In any infrastructure development project, be it the expansion of rail or air connectivity network or building of dams, hurdles are bound to crop up. For instance, herding all stakeholders to the negotiating table. The main irritants, in most of the cases, are land acquisition and negotiations with multiple agencies with varied interests. But the bullet train project is hop-step-and-jumping over stumbling blocks to change the way people in India would travel at high speed and low cost shortly. When the Mumbai-Ahmedabad High Speed Rail (bullet train) project hits the green button, there won’t be any stopping, feels Achal Khare, Managing Director, National High Speed Rail Corporation Ltd (NHSRCL).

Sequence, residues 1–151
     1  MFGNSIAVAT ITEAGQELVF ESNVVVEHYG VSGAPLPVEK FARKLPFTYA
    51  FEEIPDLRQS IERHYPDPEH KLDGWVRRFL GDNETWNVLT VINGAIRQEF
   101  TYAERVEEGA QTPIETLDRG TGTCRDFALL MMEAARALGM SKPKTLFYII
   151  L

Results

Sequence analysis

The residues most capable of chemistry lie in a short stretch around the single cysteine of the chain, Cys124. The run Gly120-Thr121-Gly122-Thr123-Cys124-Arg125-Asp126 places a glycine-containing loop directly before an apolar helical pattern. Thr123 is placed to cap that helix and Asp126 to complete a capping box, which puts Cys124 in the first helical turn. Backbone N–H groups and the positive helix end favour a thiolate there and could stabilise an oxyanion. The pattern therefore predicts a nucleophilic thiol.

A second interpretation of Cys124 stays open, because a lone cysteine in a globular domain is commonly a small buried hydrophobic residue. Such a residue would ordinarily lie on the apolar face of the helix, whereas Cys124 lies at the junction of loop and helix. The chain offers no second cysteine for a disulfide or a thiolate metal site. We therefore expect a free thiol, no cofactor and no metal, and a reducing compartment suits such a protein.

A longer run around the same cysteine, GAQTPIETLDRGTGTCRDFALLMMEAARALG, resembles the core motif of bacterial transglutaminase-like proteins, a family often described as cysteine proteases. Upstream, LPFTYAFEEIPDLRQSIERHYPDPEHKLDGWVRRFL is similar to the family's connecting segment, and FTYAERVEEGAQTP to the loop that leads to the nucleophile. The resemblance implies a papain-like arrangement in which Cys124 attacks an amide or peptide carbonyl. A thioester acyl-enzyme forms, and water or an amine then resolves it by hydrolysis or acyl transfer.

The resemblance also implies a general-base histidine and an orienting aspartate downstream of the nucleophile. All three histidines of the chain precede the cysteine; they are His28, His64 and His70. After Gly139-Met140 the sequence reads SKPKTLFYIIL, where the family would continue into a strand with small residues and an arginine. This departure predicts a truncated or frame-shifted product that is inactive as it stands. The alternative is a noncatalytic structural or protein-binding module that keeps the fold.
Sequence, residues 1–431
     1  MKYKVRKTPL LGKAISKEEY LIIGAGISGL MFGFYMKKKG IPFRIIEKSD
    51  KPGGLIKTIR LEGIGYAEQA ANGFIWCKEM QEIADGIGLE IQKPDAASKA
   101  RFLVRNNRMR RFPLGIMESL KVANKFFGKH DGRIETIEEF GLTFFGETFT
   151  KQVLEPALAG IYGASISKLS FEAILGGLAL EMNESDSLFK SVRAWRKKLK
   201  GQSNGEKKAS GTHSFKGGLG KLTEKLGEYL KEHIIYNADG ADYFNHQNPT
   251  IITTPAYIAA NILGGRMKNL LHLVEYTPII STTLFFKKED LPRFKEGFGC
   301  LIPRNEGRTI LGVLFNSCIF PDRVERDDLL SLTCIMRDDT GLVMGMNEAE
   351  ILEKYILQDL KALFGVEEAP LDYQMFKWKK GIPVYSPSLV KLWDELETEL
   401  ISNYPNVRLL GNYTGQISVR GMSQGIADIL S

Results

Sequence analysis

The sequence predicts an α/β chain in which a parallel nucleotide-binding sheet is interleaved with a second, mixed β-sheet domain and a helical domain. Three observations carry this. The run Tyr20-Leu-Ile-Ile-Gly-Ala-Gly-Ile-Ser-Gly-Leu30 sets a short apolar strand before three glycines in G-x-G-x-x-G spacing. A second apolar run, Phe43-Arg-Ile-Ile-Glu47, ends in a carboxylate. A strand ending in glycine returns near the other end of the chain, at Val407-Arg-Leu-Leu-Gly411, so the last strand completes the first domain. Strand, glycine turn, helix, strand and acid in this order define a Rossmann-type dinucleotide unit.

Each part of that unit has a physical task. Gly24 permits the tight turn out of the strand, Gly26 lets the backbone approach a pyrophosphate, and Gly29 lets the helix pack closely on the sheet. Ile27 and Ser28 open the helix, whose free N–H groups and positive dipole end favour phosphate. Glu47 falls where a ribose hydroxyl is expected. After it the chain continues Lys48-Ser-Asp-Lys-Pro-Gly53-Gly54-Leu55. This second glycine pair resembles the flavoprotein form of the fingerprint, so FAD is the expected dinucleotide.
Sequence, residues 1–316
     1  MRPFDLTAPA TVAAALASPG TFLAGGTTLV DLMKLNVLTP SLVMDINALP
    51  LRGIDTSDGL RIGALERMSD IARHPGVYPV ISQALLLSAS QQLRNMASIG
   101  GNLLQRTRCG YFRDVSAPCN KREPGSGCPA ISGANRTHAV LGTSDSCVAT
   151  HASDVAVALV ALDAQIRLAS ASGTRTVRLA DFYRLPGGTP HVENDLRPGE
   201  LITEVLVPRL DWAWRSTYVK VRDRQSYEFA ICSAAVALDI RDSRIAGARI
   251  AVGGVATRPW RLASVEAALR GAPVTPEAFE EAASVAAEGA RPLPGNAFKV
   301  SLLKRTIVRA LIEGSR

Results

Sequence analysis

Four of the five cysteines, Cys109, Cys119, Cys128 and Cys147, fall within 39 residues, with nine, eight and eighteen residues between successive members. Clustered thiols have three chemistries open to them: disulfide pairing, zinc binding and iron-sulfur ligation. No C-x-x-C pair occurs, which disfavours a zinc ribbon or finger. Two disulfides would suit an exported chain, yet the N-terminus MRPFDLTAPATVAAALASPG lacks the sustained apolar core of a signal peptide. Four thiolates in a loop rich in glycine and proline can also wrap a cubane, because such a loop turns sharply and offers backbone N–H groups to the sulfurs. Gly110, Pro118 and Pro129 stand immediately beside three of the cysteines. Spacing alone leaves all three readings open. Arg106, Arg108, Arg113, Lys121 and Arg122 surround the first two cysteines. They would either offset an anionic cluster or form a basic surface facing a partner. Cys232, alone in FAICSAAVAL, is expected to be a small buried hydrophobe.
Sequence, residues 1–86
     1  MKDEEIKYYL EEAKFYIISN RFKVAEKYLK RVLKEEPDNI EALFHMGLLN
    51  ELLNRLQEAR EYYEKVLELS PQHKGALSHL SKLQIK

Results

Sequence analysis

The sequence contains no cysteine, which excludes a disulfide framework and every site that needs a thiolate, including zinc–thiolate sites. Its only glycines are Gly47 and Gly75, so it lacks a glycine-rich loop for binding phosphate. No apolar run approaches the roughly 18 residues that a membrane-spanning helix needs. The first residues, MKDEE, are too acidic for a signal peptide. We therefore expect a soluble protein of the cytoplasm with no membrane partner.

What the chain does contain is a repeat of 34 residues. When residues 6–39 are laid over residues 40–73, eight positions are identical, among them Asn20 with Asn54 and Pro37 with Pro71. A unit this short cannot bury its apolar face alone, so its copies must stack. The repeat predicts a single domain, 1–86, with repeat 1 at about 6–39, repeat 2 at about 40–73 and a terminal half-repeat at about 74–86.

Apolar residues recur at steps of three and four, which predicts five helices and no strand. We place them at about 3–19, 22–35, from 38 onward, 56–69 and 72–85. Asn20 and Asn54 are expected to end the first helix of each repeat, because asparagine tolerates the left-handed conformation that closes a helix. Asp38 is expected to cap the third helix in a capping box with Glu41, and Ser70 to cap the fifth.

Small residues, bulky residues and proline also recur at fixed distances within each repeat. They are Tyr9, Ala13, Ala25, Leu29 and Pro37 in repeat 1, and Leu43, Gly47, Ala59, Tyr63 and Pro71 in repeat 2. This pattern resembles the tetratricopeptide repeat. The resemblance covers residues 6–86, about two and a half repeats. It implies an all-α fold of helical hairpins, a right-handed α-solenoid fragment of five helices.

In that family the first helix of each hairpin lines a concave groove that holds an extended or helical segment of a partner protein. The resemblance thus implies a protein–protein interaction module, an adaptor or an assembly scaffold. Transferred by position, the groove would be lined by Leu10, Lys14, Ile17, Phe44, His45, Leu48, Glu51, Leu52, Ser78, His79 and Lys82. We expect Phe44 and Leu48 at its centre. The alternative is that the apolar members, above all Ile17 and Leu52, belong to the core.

Mr. Achal Khare: The entire High-Speed Rail (HSR) technology is new. The first element is the civil engineering of the project. We have over 460-km alignment on the viaduct. The other area is electrification. Since HSR requires a larger amount of current to run, the entire overhead electrification system is 225 KV. The third interesting aspect is that the tensioning force is 5 tonnes. Another technical difference is that the track does not have line-side signalling but gap signalling based on the audio frequency track circuit system. Coming to rolling stock, that again is different for reasons of aerodynamics, noise reduction and arrangements for prevention of lurching and vibration. Another differentiator is that the entire coach is air sealed to maintain stable air pressure so that passengers don’t feel any discomfort due to the high-speed of the train, particularly when it enters tunnels. Even the track type is going to be different. The rail track on the entire Indian Railways network is ballasted but the track of the high-speed rail project is going to be ballast-less.